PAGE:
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Biscuits and Band-Aids vs. Scud missiles

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Biscuits and Band-Aids. Those two words sum up the farcical "new" policy toward Syria U.S. Secretary of State John Kerry announced at a Rome meeting with Syrian opposition leaders.

In what was ballyhooed as a major breakthrough, the United States will, for the first time, provide aid to the armed Syrian opposition. So what are we giving to help Syrian rebels confront the missiles and bombs that have killed tens of thousands of civilians? Not desperately needed anti-tank or anti-aircraft weapons, but medical aid and MREs, those ready-to-eat-meals used as field rations for American soldiers.

Biscuits and Band-Aids to combat Bashar al-Assad's Scud missiles.

The Rome meeting was supposed to be a high point of Kerry's first overseas tour, aimed at enhancing the credibility of moderate Syrian opposition leaders. Instead, it had the opposite effect, undercutting their credibility and raising the question of whether Washington really wants Assad gone.

The administration is rightly worried that al-Qaida-linked groups are taking the lead in the battle against the Syrian president, but apparently not worried enough to stop them. Radical Islamists raise funds from the Arab Gulf, which enables them to attract recruits and distribute charity to desperate civilians. Moderate groups led by defecting Syrian officers or civilians are short of bullets. This raises the spectre of a dominant Islamist presence on the ground if Assad falls.

Meantime, neither moderates nor Islamists have the heavy weapons needed to counter the regime's planes and missiles. This has led to a military stalemate. The longer this fight goes on, the more likely Syria will become a failed state and a mecca for jihadis in the heart of the Middle East.

That's why former administration officials Hillary Rodham Clinton, Leon Panetta and David Petraeus, along with Joint Chiefs Chairman Martin Dempsey, supported a plan to arm and train certain Syrian rebels who had been CIA-vetted. President Barack Obama declined.

The administration says it wants to facilitate a negotiated solution. Kerry says his goal is to change Assad's calculus (and that of his allies in Moscow). "He needs to know that he can't shoot his way out of this," Kerry said in Rome, adding that Assad is "out of time and must be out of power." But Kerry's puny military aid offer sends the opposite message.

"Biscuits and Band-Aids won't have a big impact at this point," says Salman Shaikh, the director of the Brookings Institution's Doha Center, who has been working with tribal and clan leaders on ideas for a Syrian transition. "Syria and Russia won't be overly concerned."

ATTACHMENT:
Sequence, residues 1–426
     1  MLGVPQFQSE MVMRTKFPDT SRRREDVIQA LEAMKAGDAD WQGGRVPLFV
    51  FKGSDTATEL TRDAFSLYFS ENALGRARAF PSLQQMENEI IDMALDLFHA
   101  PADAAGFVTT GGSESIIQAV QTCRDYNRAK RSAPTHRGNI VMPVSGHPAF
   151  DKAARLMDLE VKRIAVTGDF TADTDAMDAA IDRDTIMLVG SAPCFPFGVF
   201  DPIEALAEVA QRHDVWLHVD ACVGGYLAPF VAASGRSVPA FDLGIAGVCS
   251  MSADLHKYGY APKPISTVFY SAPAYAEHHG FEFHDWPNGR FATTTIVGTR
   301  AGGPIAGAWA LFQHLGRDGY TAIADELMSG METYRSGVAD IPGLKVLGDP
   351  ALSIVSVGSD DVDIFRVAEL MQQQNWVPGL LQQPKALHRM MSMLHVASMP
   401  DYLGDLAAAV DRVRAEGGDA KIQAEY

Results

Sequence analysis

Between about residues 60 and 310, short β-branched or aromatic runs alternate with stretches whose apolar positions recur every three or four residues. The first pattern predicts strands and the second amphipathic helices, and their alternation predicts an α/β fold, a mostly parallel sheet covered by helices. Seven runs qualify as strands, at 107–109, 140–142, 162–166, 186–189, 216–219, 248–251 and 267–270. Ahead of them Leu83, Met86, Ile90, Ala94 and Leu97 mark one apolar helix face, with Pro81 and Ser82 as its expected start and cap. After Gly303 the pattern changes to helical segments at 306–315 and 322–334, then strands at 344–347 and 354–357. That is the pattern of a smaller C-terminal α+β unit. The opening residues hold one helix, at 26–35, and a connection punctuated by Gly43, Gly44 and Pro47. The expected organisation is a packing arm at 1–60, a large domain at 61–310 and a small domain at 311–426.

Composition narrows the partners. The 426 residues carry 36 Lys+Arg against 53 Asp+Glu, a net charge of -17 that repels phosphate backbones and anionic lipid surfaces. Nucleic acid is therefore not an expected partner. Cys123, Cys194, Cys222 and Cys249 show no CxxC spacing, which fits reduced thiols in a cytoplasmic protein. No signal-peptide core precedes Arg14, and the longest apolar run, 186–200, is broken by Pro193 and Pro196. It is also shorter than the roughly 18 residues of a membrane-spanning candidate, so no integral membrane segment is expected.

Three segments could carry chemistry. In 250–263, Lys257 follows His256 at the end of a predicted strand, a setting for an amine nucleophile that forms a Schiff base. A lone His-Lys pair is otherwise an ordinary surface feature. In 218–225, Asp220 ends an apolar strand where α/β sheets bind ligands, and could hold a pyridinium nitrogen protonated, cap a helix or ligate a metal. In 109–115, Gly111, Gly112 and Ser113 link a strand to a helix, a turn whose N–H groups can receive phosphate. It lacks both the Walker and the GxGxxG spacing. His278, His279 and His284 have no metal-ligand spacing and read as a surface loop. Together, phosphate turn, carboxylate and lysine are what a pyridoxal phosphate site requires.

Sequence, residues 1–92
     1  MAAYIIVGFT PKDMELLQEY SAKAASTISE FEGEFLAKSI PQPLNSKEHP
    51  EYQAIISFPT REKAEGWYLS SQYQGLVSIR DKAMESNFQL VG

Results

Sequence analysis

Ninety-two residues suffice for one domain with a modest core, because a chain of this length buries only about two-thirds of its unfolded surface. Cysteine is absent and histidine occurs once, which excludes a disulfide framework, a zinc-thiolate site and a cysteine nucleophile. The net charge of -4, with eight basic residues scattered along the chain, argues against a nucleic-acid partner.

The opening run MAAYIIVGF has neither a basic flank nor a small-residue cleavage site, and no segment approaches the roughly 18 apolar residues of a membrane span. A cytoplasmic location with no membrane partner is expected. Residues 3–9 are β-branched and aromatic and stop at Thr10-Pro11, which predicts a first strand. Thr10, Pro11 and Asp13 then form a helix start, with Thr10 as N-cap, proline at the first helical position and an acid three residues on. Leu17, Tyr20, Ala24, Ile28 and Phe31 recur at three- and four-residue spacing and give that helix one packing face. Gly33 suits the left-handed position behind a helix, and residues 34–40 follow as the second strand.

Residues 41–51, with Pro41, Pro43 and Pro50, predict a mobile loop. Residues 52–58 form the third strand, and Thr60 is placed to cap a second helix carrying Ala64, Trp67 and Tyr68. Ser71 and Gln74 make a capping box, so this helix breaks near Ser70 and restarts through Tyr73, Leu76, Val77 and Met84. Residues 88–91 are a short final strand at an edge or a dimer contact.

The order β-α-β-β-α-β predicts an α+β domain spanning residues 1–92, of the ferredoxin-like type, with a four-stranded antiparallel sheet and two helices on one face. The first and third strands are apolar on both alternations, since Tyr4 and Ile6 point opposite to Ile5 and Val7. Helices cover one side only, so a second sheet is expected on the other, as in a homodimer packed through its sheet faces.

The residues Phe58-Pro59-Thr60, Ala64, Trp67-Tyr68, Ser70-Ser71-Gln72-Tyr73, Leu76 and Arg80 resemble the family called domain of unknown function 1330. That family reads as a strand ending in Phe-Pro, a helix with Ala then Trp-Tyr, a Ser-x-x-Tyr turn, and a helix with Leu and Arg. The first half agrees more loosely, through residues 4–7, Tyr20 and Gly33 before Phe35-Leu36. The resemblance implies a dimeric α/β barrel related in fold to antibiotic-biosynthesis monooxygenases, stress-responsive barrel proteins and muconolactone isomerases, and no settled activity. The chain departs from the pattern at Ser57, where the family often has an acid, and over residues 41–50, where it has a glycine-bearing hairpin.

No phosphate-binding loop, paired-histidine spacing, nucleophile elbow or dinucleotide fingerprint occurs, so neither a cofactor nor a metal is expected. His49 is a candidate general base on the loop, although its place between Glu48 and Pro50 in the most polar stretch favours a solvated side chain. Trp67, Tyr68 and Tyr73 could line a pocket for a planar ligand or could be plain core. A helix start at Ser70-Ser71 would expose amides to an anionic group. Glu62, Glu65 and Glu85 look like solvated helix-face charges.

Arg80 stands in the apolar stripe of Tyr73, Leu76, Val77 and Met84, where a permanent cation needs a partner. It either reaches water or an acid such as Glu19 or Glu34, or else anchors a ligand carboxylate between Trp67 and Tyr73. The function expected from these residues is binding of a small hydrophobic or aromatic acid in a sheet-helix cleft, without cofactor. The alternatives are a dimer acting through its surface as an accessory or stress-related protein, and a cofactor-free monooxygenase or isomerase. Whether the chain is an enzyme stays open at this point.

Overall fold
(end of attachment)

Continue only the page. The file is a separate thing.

True, Kerry also announced an additional $60 million to help the umbrella Syrian Opposition Council (SOC) provide services in areas controlled by rebels. This is a positive step. But that aid can't stop Assad's missiles and bombs.

As the war drags on, large tribal areas of Syria are coming under the control of radical elements. According to Shaikh, "The whole area east of the Euphrates could come under the control of Jabhat al-Nusra (an al-Qaida-linked militia). So we would have less and less control even if Assad falls."

As for negotiations, Shaikh says: "The regime will never negotiate in good faith. They believe they are winning." Assad's backers in the Kremlin and in Tehran also believe he can hold on.

There is only one way to shift that thinking: convince the regime and its backers Assad could lose. To do that, the United States and its allies would have to shift the Syrian military balance -- by arming and training certain rebel commanders and units. Washington knows who those commanders are. The CIA had officers on the Turkish border for a year, and they met with many rebel officers from inside Syria.

The risk of heavy weapons going astray could be minimized; a new Syrian Free Army command was organized in December that could be used as a control.

Instead, Kerry's announcement in Rome has undercut the SOC and the rebel military command structure by leaving Assad free to bomb. Syrian sources close to the Free Syrian Army say Kerry's offer has spurred a huge wave of anger, along with a stream of bitter jokes.

There's a slim chance Kerry's pledge is only a first step. Britain and France have promised to send night-vision goggles and body armour -- still too little, too late, but better than MREs.

Yet much more is required to break the military stalemate. Washington, or its allies, would have to boost the capacity of the Free Syrian Army with training and heavy weapons. Obama would have to play hardball with the Russians, insisting that, if they don't push harder, we'd help the opposition win.

There's no sign Obama is heading in that direction. "You have a president who doesn't want to own this conflict and is very popular for saying he got us out of the Middle East," says Shaikh, correctly. "If he doesn't do more, soon, he won't be able to shape the situation on the ground."

Biscuits and Band-Aids won't persuade Assad he can't shoot his way out.

Trudy Rubin is a columnist and editorial board member for the Philadelphia Inquirer.

-- McClatchy Tribune Services

Republished from the Winnipeg Free Press print edition March 6, 2013 A11

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